Put simply, evoking the universal “we” is a way to discard differences and maintain business as usual.
While giving food that would otherwise go to landfill to hungry people may be a convenient part of a solution to reduce greenhouse gases, it will do little to ensure the well-being of the four million Canadians who are food insecure.
Australian discard studies scholars Catherine Phillips, David Boarder Giles, and Gay Hawkins discuss intellectual traditions, settler colonialism, and the future of the field.
Douglas’ theory of matter out of place is about power. Something in the wrong spot, something poisonous, is not matter out of place. Unless it threatens power.
A Twitter essay by Matto Mildenberger (@mmildenberger) Something I’ve been meaning to say about The Tragedy of the Commons. Bear with me for a small thread on why our embrace of Hardin is a stain on environmentalism: we’ve let a flawed metaphor by a racist ecologist define environmental thinking for a half century. Hardin’s […]
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Mining is, as some in the industry quip, primarily a waste management industry.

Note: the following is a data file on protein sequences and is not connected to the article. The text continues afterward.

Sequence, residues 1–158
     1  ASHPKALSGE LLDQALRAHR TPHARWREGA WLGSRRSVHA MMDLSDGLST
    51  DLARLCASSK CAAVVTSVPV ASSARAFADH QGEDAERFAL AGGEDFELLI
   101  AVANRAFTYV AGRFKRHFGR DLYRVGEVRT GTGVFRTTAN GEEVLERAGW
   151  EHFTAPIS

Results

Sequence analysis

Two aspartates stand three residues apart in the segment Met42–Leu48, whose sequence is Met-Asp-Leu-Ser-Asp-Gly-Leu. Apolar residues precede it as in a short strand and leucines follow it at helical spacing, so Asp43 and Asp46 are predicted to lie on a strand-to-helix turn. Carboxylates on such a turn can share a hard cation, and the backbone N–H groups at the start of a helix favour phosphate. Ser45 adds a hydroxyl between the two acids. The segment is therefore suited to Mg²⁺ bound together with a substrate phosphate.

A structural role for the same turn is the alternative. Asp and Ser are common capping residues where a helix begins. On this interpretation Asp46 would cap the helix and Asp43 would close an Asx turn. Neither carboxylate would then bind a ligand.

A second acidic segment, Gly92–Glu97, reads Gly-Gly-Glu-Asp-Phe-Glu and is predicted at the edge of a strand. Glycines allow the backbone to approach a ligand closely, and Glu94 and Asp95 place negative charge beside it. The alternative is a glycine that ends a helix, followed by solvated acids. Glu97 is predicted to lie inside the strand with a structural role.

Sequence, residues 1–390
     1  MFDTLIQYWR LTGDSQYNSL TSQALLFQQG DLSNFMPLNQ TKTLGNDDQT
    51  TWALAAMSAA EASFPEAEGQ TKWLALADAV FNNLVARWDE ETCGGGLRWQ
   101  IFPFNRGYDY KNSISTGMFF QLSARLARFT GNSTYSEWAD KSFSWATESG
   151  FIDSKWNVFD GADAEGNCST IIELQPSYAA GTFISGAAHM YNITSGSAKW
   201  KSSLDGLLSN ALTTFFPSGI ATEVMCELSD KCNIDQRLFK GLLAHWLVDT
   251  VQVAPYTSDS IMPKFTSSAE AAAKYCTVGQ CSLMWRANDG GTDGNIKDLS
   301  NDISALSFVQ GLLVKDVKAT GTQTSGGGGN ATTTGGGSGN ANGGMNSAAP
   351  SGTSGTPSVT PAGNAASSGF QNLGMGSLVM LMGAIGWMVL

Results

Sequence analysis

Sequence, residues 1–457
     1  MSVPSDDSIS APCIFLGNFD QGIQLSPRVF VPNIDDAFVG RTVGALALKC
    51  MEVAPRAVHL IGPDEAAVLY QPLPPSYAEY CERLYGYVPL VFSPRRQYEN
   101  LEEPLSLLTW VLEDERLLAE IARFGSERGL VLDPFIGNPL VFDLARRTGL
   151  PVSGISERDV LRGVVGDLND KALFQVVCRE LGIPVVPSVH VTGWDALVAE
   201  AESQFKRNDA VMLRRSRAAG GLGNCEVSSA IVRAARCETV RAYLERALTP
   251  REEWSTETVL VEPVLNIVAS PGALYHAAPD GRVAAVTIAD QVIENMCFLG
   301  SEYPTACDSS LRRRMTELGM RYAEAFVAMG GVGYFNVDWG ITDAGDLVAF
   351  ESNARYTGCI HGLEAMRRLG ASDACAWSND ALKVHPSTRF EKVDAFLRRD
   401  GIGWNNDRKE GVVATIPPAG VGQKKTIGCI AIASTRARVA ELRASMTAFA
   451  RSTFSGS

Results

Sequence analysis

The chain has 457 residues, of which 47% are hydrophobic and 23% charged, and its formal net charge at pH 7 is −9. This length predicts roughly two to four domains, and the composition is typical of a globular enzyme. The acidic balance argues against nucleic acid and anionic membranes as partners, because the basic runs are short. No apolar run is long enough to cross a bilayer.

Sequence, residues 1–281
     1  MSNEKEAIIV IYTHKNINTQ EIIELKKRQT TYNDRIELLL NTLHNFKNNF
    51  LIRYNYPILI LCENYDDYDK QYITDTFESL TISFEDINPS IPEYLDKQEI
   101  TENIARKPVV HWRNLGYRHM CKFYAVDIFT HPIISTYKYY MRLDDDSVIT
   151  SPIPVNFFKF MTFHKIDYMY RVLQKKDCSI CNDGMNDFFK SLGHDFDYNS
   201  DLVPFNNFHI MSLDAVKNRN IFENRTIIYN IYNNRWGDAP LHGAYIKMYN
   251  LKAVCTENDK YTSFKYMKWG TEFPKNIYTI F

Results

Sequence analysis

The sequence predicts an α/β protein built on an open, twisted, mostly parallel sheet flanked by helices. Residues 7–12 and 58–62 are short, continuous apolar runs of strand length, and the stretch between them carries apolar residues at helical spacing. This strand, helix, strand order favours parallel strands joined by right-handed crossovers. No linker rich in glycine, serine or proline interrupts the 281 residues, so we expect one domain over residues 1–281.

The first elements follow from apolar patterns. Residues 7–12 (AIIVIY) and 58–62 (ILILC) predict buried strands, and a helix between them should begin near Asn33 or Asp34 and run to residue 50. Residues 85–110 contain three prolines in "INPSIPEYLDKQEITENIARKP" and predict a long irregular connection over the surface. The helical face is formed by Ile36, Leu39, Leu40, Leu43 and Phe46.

by Gay Hawkins ‘Disposable’ usually describes minor ephemeral things from take-away coffee cups to plastic bags. More recently, it has been applied to furniture, fashion, technologies and even people. But what does it mean? The phrase ‘easy come, easy go’ captures many of the popular assumptions about disposability. Disposable items are immediately available and appear […]
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Endocrine Disrupting Chemicals (EDCs) are a class of environmental toxicants that may impact sex, gender, and sexuality. Here is our bibliography on queering EDCs.
A Twitter essay by Mary Annaïse Heglar: Sorry, Y’all, but Climate Change Ain’t the First Existential Threat
The US ‘tech sector’ has been a major source of toxicant releases. These interactive maps show the chemical legacy of electronic manufacturing in the US.